• Unorganized Workspaces: Cluttered or congested work areas may make it difficult to maneuver objects safely, increasing the likelihood of accidents.
  • Fatigue: Working long hours or performing physically demanding tasks without sufficient rest can decrease focus and increase the likelihood of accidents.
  • Environmental Factors: Slippery or uneven surfaces, extreme temperatures, or poor lighting can all contribute to accidents when handling objects.

Common Injuries

  • Strains and Sprains: Overexertion or improper lifting technique can lead to strains and sprains in muscles, ligaments, and tendons, particularly in the back, shoulders, and knees.
  • Back Injuries: Lifting heavy objects improperly can cause back injuries such as herniated discs, muscle spasms, and lower back strain.
  • Fractures: Dropping heavy objects or trapping body parts between objects can result in fractures or broken bones.
  • Soft Tissue Injuries: When handling sharp or rough objects, abrasions, contusions, and lacerations can occur.
  • Repetitive Strain Injuries (RSIs): Performing repetitive tasks, such as lifting and carrying objects, without proper rest and ergonomics can lead to RSIs like carpal tunnel syndrome or tendonitis.
  • Slips, Trips, and Falls: Carrying or lifting objects in crowded or cluttered areas increases the risk of slipping, tripping, or falling, potentially causing injuries ranging from minor bruises to serious fractures.

4. Overexertion

Overexertion occurs when employees are pushed beyond their physical limits, leading to strain, fatigue, and potential injuries. This type of injury can result from various factors and affect different body parts. Here are some common causes and injuries associated with workplace overexertion:


  • Lifting Heavy Objects: Using incorrect lifting techniques, such as bending at the waist instead of the knees, can lead to overexertion.
  • Repetitive Motion: Repeatedly performing the same motion, such as typing or using a mouse for extended periods, can lead to overexertion injuries.
  • Awkward Postures: Working in uncomfortable or awkward positions for an extended time can strain muscles and joints.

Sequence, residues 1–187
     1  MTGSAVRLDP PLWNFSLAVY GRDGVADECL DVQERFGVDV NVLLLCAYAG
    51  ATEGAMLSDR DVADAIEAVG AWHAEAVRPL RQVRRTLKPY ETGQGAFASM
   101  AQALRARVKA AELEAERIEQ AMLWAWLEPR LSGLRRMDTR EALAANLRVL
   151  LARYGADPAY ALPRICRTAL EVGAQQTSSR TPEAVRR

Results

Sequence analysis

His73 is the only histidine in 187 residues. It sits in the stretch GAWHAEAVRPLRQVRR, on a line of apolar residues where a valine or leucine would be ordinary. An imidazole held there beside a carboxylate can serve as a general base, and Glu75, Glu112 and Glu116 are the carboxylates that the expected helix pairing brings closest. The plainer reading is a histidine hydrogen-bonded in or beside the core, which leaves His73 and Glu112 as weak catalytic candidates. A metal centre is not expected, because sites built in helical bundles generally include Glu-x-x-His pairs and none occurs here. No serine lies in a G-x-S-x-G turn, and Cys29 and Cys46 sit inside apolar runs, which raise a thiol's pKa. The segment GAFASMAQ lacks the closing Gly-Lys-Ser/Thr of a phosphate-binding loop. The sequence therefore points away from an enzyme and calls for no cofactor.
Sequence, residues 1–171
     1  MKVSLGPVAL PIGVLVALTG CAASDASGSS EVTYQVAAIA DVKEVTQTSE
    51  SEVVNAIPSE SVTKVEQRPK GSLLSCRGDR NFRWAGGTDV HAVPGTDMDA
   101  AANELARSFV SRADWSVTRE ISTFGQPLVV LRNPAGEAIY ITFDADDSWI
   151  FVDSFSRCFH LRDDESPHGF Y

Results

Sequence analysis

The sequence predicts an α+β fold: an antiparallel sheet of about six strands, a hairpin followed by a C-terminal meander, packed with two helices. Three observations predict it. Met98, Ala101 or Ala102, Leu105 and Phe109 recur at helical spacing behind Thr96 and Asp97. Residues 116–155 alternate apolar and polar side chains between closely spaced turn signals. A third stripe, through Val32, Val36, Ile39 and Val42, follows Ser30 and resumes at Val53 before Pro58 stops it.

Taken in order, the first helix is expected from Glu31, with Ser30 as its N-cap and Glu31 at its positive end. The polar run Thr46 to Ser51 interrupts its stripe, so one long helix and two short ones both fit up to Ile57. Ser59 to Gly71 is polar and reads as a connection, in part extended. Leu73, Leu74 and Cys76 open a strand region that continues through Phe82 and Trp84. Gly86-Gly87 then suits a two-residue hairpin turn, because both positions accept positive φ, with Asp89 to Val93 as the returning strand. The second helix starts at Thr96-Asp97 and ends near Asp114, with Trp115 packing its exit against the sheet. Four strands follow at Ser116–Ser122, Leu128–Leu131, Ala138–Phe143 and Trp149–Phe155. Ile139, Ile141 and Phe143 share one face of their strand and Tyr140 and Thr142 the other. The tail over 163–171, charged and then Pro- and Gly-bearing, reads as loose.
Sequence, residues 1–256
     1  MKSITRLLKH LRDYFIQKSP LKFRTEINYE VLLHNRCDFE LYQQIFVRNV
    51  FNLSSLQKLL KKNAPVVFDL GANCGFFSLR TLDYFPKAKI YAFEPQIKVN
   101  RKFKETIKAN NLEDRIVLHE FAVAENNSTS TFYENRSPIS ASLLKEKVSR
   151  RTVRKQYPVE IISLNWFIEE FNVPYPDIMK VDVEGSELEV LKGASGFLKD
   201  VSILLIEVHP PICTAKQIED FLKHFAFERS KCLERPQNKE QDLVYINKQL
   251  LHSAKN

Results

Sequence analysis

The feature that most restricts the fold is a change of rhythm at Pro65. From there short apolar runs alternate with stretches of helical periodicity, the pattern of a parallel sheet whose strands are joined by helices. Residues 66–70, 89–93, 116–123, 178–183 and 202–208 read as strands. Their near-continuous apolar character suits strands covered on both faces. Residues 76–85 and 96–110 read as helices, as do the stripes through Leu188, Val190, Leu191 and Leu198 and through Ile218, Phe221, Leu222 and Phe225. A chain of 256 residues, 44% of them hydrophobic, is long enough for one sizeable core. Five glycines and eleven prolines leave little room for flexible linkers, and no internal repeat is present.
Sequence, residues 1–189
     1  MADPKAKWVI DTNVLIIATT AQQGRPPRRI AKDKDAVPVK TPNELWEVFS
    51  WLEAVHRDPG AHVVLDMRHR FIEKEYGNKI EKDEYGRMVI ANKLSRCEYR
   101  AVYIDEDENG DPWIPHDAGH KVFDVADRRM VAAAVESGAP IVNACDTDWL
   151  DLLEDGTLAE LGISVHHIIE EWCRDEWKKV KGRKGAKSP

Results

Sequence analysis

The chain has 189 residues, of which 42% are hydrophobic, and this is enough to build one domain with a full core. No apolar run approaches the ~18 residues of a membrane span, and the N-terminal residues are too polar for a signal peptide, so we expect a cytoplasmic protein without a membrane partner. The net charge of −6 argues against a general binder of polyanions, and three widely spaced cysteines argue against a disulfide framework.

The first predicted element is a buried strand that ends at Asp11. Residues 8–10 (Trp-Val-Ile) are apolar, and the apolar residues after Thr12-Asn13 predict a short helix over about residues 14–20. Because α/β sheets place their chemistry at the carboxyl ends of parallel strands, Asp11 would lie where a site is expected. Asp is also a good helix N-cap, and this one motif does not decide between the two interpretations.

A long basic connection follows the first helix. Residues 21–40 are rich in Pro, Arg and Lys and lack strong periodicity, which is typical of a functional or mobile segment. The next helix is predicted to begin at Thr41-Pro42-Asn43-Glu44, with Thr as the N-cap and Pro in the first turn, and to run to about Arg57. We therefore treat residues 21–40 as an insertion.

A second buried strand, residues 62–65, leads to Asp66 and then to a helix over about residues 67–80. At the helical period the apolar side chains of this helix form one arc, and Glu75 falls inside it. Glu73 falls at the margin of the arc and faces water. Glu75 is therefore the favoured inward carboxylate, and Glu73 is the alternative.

• Manual Labor: Jobs that require intense physical labor without sufficient breaks or task rotation can lead to overexertion.
  • Inadequate Training: Employees not trained on proper task techniques may be more prone to overexertion injuries.
  • Insufficient Rest and Recovery: Extended working hours without adequate breaks and rest can contribute to fatigue and overexertion.

Injuries Resulting from Overexertion

  • Muscle Strains: Overexertion can lead to strained muscles, causing pain, inflammation, and limited range of motion.
  • Sprains: Overstretching or tearing of ligaments due to excessive force or repetitive motion can result in sprains.
  • Tendonitis: Inflammation of tendons, often caused by repetitive motion or overuse of a particular muscle group.
  • Back Injuries: Lifting heavy objects with improper technique or prolonged periods of sitting in awkward positions can contribute to back injuries, including herniated discs.
  • Fatigue-Related Issues: Overexertion can lead to general fatigue, which may contribute to other workplace accidents and errors.
  • Joint Problems: Continuous stress on joints can lead to conditions like bursitis or arthritis.
  • Heat-Related Illness: Overexertion in hot environments without proper hydration and rest can result in heat-related illnesses such as heat exhaustion or heat stroke.

5. Repetitive Motion Injuries (RMIs)

Repetitive Motion Injuries (RMIs), also known as repetitive strain injuries (RSIs) or musculoskeletal disorders (MSDs), are a category of injuries that result from the repetitive and prolonged use of muscles, tendons, and nerves. These injuries can occur in various workplace settings where employees engage in repetitive tasks or maintain awkward positions for extended periods. Common causes of RMIs include:


  • Repetitive Tasks: Repeatedly performing the same motion or task, such as typing, clicking a mouse, assembly line work, or using tools, can strain the muscles and tendons, leading to injuries.
  • Forceful Exertions: Applying excessive force during repetitive tasks can contribute to RMIs. This force can result from heavy lifting, forceful typing, or using tools requiring significant strength.
  • Awkward Postures: Maintaining awkward or uncomfortable positions for extended periods can increase the risk of RMIs. This can include tasks requiring bending, twisting, or reaching long durations.
  • Poor Ergonomics: Inadequate workplace design and ergonomics can contribute to RMIs. Improperly designed workstations, chairs, keyboards, and other tools can lead to awkward postures and increased strain on muscles and joints.

Common Injuries

  • Carpal Tunnel Syndrome (CTS): A condition affecting the hand and wrist, often caused by compression of the median nerve in the wrist. It is common among individuals who perform repetitive hand and wrist movements, such as typing.